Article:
Each of us eats, on average, almost 4 pounds per year, making shrimp more popular than tuna. Once considered a special-occasion treat, shrimp has become so ubiquitous that we now expect to find it on the menu whether we’re at a pricey restaurant or a fast-food joint.
In fact, Americans eat about three times more shrimp than we did 35 years ago. To satisfy our insatiable appetite, the U.S. has become a massive importer: About 94 percent of our shrimp supply comes from abroad, from countries such as India, Indonesia, and Thailand.
But our love affair with shrimp does have a downside. Most of the shrimp we import is “farmed”—grown in huge industrial tanks or shallow, man-made ponds that can stretch for acres. In some cases 150 shrimp can occupy a single square meter (roughly the size of a 60-inch flat-screen television) where they’re fed commercial pellets, sometimes containing antibiotics to ward off disease. If ponds aren’t carefully managed, a sludge of fecal matter, chemicals, and excess food can build up and decay. Wastewater can be periodically discharged into nearby waterways. “Bacteria and algae can begin to grow and disease can set in, prompting farmers to use drugs and other chemicals that can remain on the shrimp and seep into the surrounding environment,” says Urvashi Rangan, Ph.D., executive director of the Consumer Reports Food Safety and Sustainability Center. Those shrimp-farming practices raise a variety of concerns—not just about how safe shrimp are to eat but also about the environmental damage that can be caused by farming them that way.
For shoppers the dilemma starts at the grocery store, where it’s difficult to know what to buy. Labels and names can be confusing, meaningless, or—worse—deceptive. Sellers may not always tell (or even know) the truth about the origins of the shrimp they offer. And the allure of a label proclaiming that shrimp are “natural” or “wild” can obscure the fact that some expensive varieties aren’t necessarily fresher or more flavorful.
That’s why Consumer Reports decided to take an in-depth look at shrimp from a testing, tasting, and shopping viewpoint. We unearthed some worrisome findings, including bacteria on more than half the raw samples we tested and illegal antibiotic residues on 11 samples. But there was also good news, in that there are plenty of healthful choices available.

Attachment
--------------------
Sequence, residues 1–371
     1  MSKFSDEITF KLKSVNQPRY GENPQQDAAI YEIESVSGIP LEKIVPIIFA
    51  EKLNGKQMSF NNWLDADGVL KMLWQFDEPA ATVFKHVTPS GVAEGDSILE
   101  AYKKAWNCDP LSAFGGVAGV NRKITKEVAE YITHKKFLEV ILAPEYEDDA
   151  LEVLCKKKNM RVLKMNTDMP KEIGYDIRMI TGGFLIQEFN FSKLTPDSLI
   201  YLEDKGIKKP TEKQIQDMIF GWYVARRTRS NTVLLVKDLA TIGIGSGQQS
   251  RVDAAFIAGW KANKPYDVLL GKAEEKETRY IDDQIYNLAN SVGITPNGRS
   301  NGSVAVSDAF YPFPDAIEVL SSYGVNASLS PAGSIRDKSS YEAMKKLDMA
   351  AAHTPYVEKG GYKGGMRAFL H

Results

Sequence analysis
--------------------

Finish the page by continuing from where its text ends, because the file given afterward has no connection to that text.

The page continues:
There’s no foolproof way to make sure you won’t get sick from the bacteria on shrimp, but following our safe-prep rules will certainly improve your odds. And to make sure you’re buying the cleanest, most responsibly fished or raised shrimp—and that you’re getting what you pay for at the fish counter—use our guide on these pages.
Alarm bells sounded for some consumers who read our recent report, “How Safe Is Your Shrimp?” Our analysis of 342 packages of frozen shrimp, purchased across the U.S., detected antibiotics in 11 samples of imported farmed shrimp. People allergic to those antibiotics, including some of our co-workers, came to us with concerns that their favorite food could result in an itchy rash—or worse.
Consider the dilemma of the reader who serves up a giant platter of shrimp to her guests every New Year’s Eve. “As someone with allergies to sulfa drugs and penicillin, would the amounts in shrimp be enough to cause an allergic reaction?” she asked.
- How to safely prep shrimp
According to Franklin Adkinson, M.D., a professor of medicine at the Johns Hopkins Asthma and Allergy Center, the level of antibiotics we found in shrimp are highly unlikely to cause a problem. There is very little research focusing on allergic reactions caused by antibiotics in food, Adkinson says, but “theoretically, the amount in a reasonable portion of shrimp would not be enough to provoke an allergic reaction.”
Just how much of the drugs are in antibiotic-tainted shrimp? Judging from what we found in our samples, an 8-ounce serving of shrimp would contain about one seven-thousandth of a standard medical dose of antibiotics. “This dose is too small to cause an allergic reaction,” Adkinson says.
The real problem with antibiotics in shrimp—or any other food—is that overuse of the drugs in food production is leading to the global rise of deadly antibiotic-resistant “superbugs.” “Eventually, these antibiotics may no longer work to treat common human ailments,” says Urvashi Rangan, Ph.D., executive director of the Consumer Reports Food Safety and Sustainability Center. Antibiotics aren’t approved for shrimp farming in the U.S., and they are not permitted in imported shrimp.
What does that mean for you?
We found very low levels of antibiotics in some of our samples, but that doesn’t mean that shrimp with higher levels don’t get into the U.S. food supply. If you’re concerned about antibiotics for any reason, choosing responsibly caught wild shrimp, such as those certified by the Marine Stewardship Council, is a safer option. Or look for farmed shrimp with the following labels: Naturland, Aquaculture Stewardship Council, or Whole Foods Market Responsibly Farmed.
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